As an example of this lets look at REST (as implemented by HTTP) and SIP, now REST lays down a bunch of constraints and has its HTTP implementation as the way to do everything. HTTP is of course limited in what it can achieve and certain tasks it just doesn't seem to be the right way to go, VOIP being one example, now SIP provides some similar elements in terms of philosophy of simplification (which is nice) but enables multiple protocol interaction and can (in theory) support application to application communication.

Now I've been looking at it and I'm not sure why you couldn't use SIP as a boot strap before electing to use HTTP, VOIP, Video or something else for communication between applications and from applications to people. After all wouldn't it be nice for the application to send you an SMS when something changes rather than polling a web server? These people talk about using SIP to kick off VoiceXML as a reasonable approach today, and VoiceXML is an HTTP based standard.

This would of course mean that HTTP, and potentially REST, would be relegated to specific application problems with an increased requirement for sophistication around the actual mode of interaction between systems and between systems and users.

The real point here is that no one technology will ever remain for ever as the pinnacle of achievement. It is either replaced (e.g. CORBA to Web Services) or commoditised (e.g. TCP to HTTP) and in both cases it ceases to be the cutting edge of IT delivery.

Will SIP relegate HTTP to "one" of the options? Who knows. But what I do know is that backing HTTP to be the cutting edge of IT delivery for the next 20 years is on a hiding to nothing.

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Tuesday, October 16, 2007

Why procurement is meant to be hated

There are three hated departments in most companies, they compete to be the most loathed of the bunch but one stands out from the other two as different.

The departments? HR, IT and Procurement.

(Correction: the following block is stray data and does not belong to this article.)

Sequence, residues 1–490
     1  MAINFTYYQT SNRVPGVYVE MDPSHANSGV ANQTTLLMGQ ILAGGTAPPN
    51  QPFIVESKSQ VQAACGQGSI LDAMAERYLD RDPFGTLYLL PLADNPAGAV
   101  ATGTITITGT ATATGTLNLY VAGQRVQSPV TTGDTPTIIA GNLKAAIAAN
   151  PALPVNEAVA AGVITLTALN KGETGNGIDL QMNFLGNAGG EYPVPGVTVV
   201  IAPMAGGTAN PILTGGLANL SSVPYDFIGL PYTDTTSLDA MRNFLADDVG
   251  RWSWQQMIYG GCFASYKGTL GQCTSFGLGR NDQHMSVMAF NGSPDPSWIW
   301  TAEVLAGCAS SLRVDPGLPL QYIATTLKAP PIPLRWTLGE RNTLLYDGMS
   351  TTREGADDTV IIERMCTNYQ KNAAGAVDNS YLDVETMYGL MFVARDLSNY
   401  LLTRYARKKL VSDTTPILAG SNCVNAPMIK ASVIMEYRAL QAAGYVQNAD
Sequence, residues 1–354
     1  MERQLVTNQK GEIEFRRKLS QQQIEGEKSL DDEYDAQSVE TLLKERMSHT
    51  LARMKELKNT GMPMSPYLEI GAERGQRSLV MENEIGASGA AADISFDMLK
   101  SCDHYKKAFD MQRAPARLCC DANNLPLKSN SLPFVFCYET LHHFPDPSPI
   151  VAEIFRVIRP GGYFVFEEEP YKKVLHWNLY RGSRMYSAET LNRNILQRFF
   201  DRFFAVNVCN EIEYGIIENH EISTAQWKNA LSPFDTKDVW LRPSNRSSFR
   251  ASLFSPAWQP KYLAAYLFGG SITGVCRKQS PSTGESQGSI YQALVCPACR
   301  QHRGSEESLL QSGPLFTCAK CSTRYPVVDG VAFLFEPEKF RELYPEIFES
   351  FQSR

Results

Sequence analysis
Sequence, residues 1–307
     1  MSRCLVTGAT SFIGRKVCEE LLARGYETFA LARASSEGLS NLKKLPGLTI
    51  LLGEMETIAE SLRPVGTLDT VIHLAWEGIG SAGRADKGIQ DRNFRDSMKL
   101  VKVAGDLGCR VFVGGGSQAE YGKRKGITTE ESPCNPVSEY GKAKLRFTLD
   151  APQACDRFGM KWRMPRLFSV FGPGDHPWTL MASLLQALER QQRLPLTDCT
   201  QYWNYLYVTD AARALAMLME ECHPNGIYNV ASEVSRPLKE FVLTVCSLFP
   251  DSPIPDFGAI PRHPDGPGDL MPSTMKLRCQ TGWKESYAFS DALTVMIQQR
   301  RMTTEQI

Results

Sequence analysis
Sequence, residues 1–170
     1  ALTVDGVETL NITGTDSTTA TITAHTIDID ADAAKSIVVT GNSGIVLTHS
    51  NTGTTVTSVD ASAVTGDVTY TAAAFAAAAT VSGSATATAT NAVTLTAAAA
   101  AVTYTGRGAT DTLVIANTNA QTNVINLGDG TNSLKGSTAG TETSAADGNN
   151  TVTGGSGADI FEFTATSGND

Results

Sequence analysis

These are always loathed and cursed and accused of preventing progress or just creating a set of bureaucratic processes that stifle peoples soul and remove the joy from the world. Only one of them has an excuse however.... procurement.

Now the reason that procurement is hated is that in fact this is the job of procurement. Have you ever wondered why procurement systems are almost always a pig to use, and why every "upgrade" seems to work in a completely different and more perverse way?

The reason is simple, the goal of procurement is to stop people buying things. If the CFO wanted to make it easy they would just give everyone credit cards and a cheery wave of "whatever you want is fine". The reality is that the purpose of procurement, a centralised service in the business, is to monitor and control all purchasing decisions, from a new pen through to a new building. The system should be painful to both suppliers and users, ensuring that both sides try and avoid interaction unless completely required. In this way procurement helps to focus spending on what is really required and removes spending on items that are just "wanted" because its not worth the effort.

This is an important thing when looking at building a business service architecture, understand the true drivers of services and don't assume that there are common elements across them all or that the end-users opinion always is the most important. Usability, performance and reliability are all great things when interacting with your customers, but in procurement they are positively to be avoided and a focus on annoying the user and making things slow and painful and prone to failure helps to deliver on the goal of reducing spend.